We doubt if there be a pharmaceutical product dispensed by the pharmacist which is more dependent for its sale on the prescription of the physician than Bromidia. Notwithstanding all this, however and the "formula published on the bottle" which the Druggists' Circular demands as a prerequisite to admission to the "state of grace" for which it holds and, where such exists, commends---Bromidia is classed as "secret" and discussed with corresponding opprobrium by our sapient contemporary, which, in the column adjoining the editorial under discussion, goes on to complete its "hari-kari" of stultification in the following terms in the course of a further screed on a kindred subject under the head of "Let the Label Tell": "Something should be done by way of having their labels declare their composition. . . The battle is a formidable one and the right is seemingly still in the distance. . . . Why would it not be a good idea if those who are trying to get legislation, . . . passed a law making proprietors reveal the secret of such medicines? What more appropriate restriction than that of having the label tell the composition of such remedies?..... By compelling the label to tell their composition legislators can protect their citizens against fraud and imposition."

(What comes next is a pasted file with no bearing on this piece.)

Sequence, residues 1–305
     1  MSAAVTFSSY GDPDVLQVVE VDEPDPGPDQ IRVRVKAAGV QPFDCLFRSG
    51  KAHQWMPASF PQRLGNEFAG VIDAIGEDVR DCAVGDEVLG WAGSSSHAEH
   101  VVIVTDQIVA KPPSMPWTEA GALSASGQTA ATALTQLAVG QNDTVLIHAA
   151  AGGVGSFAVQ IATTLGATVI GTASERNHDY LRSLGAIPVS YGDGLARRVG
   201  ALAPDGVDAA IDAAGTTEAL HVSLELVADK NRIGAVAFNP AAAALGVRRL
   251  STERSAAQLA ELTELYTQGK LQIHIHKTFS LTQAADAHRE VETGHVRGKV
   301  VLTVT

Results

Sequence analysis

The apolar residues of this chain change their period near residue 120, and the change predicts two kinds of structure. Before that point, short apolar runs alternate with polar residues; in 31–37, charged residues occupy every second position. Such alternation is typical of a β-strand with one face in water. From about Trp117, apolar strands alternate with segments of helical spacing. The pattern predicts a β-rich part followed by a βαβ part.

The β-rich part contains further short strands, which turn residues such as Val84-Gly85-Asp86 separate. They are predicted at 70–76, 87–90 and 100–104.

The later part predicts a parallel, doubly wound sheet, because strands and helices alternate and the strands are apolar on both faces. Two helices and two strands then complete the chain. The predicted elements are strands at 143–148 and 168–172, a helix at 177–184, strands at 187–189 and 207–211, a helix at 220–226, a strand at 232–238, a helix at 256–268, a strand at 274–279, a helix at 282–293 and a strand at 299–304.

Is it necessary to say any more to illustrate the position of the Druggists' Circular? We have discussed the subject at so much length because (1) Bromidia is the only one of all the remedies included in the Norwegian proclamation specifically singled out by name for attack by the Circular; (2) ignorance of the law is no excuse for offending against it and it was the business of the Circular to know, since it pretended to discuss "secret" remedies, that Bromidia is not in that class; (3) readers of the Circular regarding its expressions as in any way authoritative would be led to beliefs contrary to the facts. These, we believe, are reasons enough for the length to which we have gone and if the Circular did not err in ignorance of the least excusable kind, why its "most distinguished consideration" as to the product specified? Was it mere ignorance, or was it design, which earned for Bromidia the distinction under discussion? Was stupidity or malicious misrepresentation responsible for the selection of Bromidia for specific mention and the terms in which the product was described and discussed?